Planned Parenthood of Arizona (PPAZ) suspended all abortion services following Friday's Roe decision due to Arizona's "legal landscape." It continues to offer multiple reproductive and sexual services, including gender-affirming care and other health exams.

"We believe everyone's body is their own–and theirs alone," PPAZ said in a statement. "But now, the Supreme Court has taken away our federal right to abortion and overturned Roe v. Wade—turning its back on nearly 50 years of precedent.

All Planned Parenthood Arizona locations, in addition to at least three private Phoenix clinics and one Tucson clinic, paused all abortions as of Friday, according to the Arizona Republic.

In her interview with Lake, Baier mentioned how the mayors of Phoenix and Tucson "do not want to move forward with this" and "will push back" against anti-abortion measures.

Lake responded by calling the Democratic mayors, Kate Gallego of Phoenix and Regina Romero of Tucson, "socialists" who "are always trying to push back."

When Gallego was first elected, she pledged to work with Planned Parenthood Advocates of Arizona "to build a healthier Phoenix...where women have access to the healthcare they need and feel supported to make the right choices for their families."

On Friday, she tweeted that she was "deeply disappointed" with the Supreme Court's decision.

"Phoenix is a pro-choice city," Gallego wrote. "A majority of the city council and I have no interest in using city resources to prevent women from accessing healthcare."

Jeanine L'Ecuyer, a spokesperson for Gallego, said in a statement to Newsweek that Gallego has managed two successful businesses and landed a $12 billion chip fabrication plant in Phoenix—"definitely not the credentials of a socialist."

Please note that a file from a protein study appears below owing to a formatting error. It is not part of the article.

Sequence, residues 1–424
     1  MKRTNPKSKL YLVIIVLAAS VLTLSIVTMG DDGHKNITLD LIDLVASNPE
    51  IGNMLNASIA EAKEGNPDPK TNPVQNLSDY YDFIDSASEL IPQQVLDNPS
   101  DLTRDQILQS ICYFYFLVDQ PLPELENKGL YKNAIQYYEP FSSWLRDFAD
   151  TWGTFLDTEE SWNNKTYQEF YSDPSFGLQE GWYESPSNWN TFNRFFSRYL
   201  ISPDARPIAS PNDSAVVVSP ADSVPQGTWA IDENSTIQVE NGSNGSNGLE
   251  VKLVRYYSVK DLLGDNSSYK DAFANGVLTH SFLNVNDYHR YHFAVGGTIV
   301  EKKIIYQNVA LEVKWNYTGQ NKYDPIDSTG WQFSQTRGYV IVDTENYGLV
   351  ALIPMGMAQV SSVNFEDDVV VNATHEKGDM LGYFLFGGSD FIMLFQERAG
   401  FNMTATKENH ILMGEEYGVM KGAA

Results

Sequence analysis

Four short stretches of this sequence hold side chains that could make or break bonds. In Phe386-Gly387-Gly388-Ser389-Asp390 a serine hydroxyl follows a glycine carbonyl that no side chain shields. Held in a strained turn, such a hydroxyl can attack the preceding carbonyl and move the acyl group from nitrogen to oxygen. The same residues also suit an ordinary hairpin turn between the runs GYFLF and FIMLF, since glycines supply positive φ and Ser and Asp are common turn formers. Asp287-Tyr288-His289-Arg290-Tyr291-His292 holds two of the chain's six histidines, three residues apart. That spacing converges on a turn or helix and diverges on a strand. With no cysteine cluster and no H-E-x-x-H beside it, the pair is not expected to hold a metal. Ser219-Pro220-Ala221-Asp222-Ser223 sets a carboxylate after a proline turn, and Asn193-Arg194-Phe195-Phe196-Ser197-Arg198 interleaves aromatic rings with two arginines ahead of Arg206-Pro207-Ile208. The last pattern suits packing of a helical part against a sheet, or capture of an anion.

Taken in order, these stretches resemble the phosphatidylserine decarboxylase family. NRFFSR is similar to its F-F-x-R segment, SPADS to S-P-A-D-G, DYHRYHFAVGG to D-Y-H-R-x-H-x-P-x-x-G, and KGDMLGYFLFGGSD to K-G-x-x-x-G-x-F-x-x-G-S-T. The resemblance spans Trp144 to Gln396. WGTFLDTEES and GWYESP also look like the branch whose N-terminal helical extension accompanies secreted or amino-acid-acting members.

"While Ms. Lake continues to use what appears to be the only play in her playbook— attempting to score points via schoolyard bullying tactics—Mayor Gallego has been clear Phoenix will not prioritize the investigation or prosecution of health care personnel," L'Ecuyer said. "Instead, the Phoenix Police department will remain focused on the issues impacting this community, with a particular focus on violent crime, especially violent crime involving guns."

Romero called the ruling "hard to accept," saying the higher court "delivered a wrecking ball, dismantling the rights of some people in this country."

"The future of abortion law in Arizona is ambiguous, but one thing is clear: If we do not have autonomy over our bodies, then what is freedom?" she tweeted on Tuesday. "SCOTUS was willing to strike down 50 years of settled law. What are they coming after next?"

A statement in response to Lake's comments was made by Romero and provided to Newsweek, in which she stated that reproductive rights are on the ballot this year.

"Voters in November will reject candidates who want to reverse women's rights back to the days of pre-statehood," Romero said. "This reflects the sad state of Republican politics in Arizona, where primary election candidates are competing for who can be the most outrageous, conspiracy-embracing candidate. Arizonans deserves better."

Lake will face off against Scott Neely, Matt Salmon, Karrin Taylor Robson and Paola Tulliani-Zen in the August 2 primary.

Newsweek reached out to Lake's campaign for comment.

Update 6/29/22, 11:45 a.m. ET: This article was updated to include comments from Kate Gallego spokesperson Jeanine L'Ecuyer and from Regina Romero.